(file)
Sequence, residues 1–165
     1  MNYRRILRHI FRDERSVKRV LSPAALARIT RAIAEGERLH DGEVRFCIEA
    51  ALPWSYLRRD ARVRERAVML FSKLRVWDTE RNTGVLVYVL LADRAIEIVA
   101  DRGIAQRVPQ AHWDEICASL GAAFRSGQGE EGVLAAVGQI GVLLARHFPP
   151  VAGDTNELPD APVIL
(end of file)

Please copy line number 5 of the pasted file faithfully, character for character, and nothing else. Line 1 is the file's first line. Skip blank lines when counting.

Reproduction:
   151  VAGDTNELPD APVIL